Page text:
For readers unfamiliar with haibun (phonetically pronounced “hi-boon”), it’s a form of poetry that pairs prose and haiku created by the famous Japanese poet Matsuo Bashō over 300 years ago. Terry Ann Carter’s well-informed history of writing and teaching various Japanese forms of poetry is evident in On the Road to Naropa; it is beautifully written and balanced within the constraints of haibun but also very accessible.
At heart, Naropa is memoir. We begin in 1946 with Carter’s birth and stretch across the pages of her life to the more current 2013, with each year a marker of change and growth.
Autobiographical writing is inherent in most poetic forms but memoir as poetic prose is a unique challenge that requires a certain amount of subjectivity, objectivity, creativity, memory and keen sense of flow. Carter knocks it all out of the park.
With each turn of the page, she slips in and out of life moments that are entirely relatable and, seemingly, entirely personal. It’s unclear how many imaginative liberties Carter took while writing this book, but her memory appears seamless as she moves from one striking image to the next.
Carter speaks as much to the psychology of memory as she does to her upbringing as she ages into understanding herself and the rest of the world around her. From “1963”:
My Irish grandmother has a word she mutters under
her breath to explain things she doesn’t like. Shite, she
says, when the garbage man forgets to place the metal
cans back in the garage. When the Hoover explodes one
morning and leaves a pile of crap on the living room
rug. […] One rainy November morning she reaches
across the breakfast table and announces, That Rus-
sian killed the president. Shite. Later she would confide
in me. Your brother’s crazy in the head. Shite, there’s
not a blessed thing we can do.
In “1965,” Carter details her first encounter with Kerouac’s characterization of Beat poet Gary Snyder. It is the quintessential account of how one would hope to discover Kerouac and speaks to Carter’s first insights into the permeation of Japanese culture in the West, and her increasing free-spiritedness, which was so emblematic of the Beats and the 60s.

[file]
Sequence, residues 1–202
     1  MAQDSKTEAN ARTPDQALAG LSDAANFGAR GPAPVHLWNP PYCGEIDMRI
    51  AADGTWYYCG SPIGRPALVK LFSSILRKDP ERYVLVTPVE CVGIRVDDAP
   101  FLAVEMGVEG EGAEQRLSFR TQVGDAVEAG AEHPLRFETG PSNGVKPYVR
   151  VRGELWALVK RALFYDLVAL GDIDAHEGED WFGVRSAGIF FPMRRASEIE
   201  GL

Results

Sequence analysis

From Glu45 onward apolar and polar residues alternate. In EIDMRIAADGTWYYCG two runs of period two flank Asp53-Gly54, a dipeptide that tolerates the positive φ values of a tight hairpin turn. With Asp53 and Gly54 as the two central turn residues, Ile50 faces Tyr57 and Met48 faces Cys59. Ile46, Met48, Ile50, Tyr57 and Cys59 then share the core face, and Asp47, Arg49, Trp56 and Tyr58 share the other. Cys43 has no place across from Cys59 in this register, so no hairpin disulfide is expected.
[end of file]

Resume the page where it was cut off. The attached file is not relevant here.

Summer vacation. I fall in love with Japhy Ryder. He is
my favourite Kerouac character. All that rucksack, Or-
egon woods, green tea served on empty orange crates.
Books on Japanese woodblocks. Sumi-e brush scrolls.
Suzuki and Blyth. The discussions on religion long into
the night. Haiku. I don’t have a boyfriend. I have Ja-
Throughout the book, Carter attempts to understand Kerouac: what he and his writing represent and how his universes intersect with hers. As she walks her path she becomes more aware: a comparison, an article, a lecture, a poetry conference, a word on a sidewalk outside Naropa University – all these seemingly insignificant and separate occurrences become forks at which she pauses and attempts to compute Kerouac’s significance in her world. Carter reminds us that all that should be revealed in its own due time.
It is clear Carter embraces life in spite of its challenges and, as all who meditate are instructed, has held on to each wave of nostalgia as it arises before letting it, too, pass.
Marilyn Irwin is a graduate of Algonquin College’s Creative Writing program, winner of the 2013 Diana Brebner Prize, and a 2014 Hot Ottawa Voice. Her work has been published by above/ground press, Apt. 9 Press, Arc Poetry Magazine, New American Writing, Matrix Magazine, Puddles of Sky Press and others. Her seventh and most recent chapbook, waving usufruct, a poetry/photography collaboration with David Emery and Samantha Lapierre, was published by The Steel Chisel in 2016. She runs shreeking violet press in Ottawa.
ARC‘S A HISTORY OF CANADIAN POETRY!